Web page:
The report looked at both government-operated designated quarantine facilities and government-authorized quarantine hotels. The authorized hotels are where the Auditor-General found serious enforcement gaps. A majority of air travellers were expected to go to those hotels to wait for their on-arrival COVID-19 test results between February and August, when the requirement ended.
About 370,000 people were expected to stay in the hotels during the audit period, but PHAC couldn’t verify what happened with about 277,500 of them.
Ms. Hogan said border services agents checked that travellers had reservations for the hotels, but that PHAC couldn’t confirm that the travellers actually arrived in most cases. Mr. Duclos said the problem was that the tracking information was not automated until June.
Ms. Hogan said her investigation determined that during the audit period the majority of travellers who were required to stay in designated quarantine facilities did comply with that rule.
As for the 37 per cent of travellers whose 14-day quarantines PHAC couldn’t verify, the audit report says that was actually an improvement over an earlier audit. The previous report, which covered May to June, 2020, found the agency didn’t track compliance for 66 per cent of travellers.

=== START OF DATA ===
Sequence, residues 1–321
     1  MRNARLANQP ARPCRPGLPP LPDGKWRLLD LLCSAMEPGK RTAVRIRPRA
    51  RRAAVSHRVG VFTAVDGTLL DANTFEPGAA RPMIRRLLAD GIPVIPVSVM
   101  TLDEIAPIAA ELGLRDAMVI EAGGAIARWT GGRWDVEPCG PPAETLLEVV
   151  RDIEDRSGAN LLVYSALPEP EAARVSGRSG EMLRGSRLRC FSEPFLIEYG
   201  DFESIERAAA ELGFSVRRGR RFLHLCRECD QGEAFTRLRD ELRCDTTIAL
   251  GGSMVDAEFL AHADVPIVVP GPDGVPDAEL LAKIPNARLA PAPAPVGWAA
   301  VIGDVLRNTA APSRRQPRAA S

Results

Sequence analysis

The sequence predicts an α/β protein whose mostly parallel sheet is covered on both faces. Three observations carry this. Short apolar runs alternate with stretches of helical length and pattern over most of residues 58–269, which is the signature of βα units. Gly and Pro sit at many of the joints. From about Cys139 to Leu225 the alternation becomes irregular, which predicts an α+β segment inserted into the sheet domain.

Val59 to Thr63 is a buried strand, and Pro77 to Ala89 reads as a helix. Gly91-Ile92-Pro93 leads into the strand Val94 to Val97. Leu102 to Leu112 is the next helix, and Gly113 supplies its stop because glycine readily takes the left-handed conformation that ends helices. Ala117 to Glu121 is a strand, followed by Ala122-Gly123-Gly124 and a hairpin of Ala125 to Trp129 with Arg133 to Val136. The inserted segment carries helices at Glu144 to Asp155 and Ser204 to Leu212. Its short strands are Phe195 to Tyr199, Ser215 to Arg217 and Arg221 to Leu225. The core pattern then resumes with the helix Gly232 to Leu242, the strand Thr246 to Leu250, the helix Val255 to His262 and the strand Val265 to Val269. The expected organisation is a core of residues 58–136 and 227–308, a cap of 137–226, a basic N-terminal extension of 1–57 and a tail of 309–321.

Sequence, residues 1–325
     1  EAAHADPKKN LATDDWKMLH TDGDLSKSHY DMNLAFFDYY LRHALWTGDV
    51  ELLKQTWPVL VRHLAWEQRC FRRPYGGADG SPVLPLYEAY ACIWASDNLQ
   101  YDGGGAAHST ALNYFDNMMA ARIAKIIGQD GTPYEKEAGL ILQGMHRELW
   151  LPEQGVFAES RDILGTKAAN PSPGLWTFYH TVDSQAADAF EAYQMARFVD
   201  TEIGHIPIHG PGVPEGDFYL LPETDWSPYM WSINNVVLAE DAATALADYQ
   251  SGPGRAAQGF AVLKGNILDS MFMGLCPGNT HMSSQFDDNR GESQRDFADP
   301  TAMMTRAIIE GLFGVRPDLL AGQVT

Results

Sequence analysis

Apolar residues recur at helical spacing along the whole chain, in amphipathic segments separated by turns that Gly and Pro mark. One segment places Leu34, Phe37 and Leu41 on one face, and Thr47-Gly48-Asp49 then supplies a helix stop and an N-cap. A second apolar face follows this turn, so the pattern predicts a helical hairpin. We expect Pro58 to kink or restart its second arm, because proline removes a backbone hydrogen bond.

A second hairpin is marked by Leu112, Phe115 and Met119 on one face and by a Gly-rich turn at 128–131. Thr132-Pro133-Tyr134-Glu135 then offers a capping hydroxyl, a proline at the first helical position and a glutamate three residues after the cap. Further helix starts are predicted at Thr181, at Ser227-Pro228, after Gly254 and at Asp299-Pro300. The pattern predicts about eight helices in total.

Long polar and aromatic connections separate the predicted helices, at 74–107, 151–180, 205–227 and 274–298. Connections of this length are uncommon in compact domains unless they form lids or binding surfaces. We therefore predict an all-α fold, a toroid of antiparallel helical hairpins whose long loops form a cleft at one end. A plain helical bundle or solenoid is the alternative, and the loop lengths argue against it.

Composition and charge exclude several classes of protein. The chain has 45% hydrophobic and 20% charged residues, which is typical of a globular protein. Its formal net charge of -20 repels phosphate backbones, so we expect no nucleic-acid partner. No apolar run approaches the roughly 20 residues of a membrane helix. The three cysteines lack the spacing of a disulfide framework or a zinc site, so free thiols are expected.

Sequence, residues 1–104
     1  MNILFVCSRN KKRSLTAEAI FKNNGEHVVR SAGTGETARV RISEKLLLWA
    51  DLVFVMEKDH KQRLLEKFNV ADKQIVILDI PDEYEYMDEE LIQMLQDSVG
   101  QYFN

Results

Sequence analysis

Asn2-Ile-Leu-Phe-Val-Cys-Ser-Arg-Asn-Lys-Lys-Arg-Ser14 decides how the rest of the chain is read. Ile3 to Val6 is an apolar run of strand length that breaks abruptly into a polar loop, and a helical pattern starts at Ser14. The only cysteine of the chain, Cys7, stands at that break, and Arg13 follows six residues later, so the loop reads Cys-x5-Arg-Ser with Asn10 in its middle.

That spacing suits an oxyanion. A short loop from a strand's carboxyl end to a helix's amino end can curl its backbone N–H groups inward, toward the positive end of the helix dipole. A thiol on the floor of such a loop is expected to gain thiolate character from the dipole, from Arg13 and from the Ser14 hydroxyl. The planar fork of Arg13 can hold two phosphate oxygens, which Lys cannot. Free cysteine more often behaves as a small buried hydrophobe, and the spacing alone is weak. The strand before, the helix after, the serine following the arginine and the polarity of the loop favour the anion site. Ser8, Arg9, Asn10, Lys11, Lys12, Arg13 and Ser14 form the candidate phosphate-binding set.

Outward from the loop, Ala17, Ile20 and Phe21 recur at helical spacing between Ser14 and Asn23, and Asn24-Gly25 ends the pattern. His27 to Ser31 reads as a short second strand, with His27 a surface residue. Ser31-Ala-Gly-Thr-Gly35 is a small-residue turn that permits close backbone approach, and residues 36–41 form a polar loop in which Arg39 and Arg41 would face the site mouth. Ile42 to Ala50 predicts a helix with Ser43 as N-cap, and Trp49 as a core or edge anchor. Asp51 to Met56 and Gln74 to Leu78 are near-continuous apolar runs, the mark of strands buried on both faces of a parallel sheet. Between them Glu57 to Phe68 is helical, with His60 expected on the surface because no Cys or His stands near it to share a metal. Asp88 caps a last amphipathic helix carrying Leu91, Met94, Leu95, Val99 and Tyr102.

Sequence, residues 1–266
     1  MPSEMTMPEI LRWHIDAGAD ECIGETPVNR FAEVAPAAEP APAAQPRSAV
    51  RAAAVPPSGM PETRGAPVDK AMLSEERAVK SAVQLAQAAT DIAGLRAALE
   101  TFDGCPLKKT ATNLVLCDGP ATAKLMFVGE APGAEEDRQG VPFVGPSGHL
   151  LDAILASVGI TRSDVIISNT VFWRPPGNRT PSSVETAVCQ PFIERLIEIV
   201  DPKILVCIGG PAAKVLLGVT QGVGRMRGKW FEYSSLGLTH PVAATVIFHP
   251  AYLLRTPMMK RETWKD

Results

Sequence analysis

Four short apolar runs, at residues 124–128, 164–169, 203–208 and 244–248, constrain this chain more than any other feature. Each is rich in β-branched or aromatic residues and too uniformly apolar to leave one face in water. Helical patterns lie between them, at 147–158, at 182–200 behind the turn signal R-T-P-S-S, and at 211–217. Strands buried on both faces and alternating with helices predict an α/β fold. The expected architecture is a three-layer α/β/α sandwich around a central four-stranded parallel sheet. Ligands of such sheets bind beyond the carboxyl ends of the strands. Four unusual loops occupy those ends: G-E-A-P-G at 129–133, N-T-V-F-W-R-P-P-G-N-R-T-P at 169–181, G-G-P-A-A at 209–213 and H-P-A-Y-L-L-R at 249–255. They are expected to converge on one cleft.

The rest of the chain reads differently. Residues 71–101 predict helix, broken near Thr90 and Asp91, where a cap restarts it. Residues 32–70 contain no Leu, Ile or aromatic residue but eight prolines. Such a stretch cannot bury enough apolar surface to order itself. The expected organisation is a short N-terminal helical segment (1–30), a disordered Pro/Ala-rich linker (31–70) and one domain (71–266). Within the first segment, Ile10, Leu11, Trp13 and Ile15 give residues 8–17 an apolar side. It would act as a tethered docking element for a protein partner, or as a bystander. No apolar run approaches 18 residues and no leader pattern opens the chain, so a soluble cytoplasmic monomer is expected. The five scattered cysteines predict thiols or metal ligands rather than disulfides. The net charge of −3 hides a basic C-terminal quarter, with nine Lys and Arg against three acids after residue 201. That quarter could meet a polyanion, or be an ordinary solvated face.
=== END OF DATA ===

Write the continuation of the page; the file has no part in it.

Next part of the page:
“This is not a success story. The agency’s inability to confirm whether more than one third of travellers complied with quarantine orders remains a significant problem,” Ms. Hogan said.
The Auditor-General attributed the improvement to the agency’s decision to ditch paper-based data collection in favour of electronic collection of contact information.
Ms. Hogan said that in 59 per cent of priority cases PHAC doesn’t know what follow-up local law enforcement did in response to suspected cases of non-compliance with COVID-19 requirements. Her report also notes that authorities issued no tickets for non-compliance to air travellers in Alberta or Quebec, where two of the four airports accepting international flights were located. Thousands of tickets were issued in Ontario.
In its response to the Auditor-General’s report, the public-health agency said that “additional mechanisms will be assessed to enforce the Quarantine Act more consistently nationally,” starting in the 2022-23 fiscal year.
In a statement, Conservative MP Luc Berthold, the party’s critic for health, said the latest findings “reveal a pattern of incompetence, with severe gaps in the application of policies.”
In a joint statement, NDP MPs Don Davies and Taylor Bachrach said the report reveals “negligence of gross proportions” that could have put Canadians at risk.
“We know that border-control measures that are evidence-based and well enforced can limit the number of COVID-19 cases,” they said. “But without knowing for sure whether travellers followed quarantine orders, no one knows whether the government’s border measures are working.”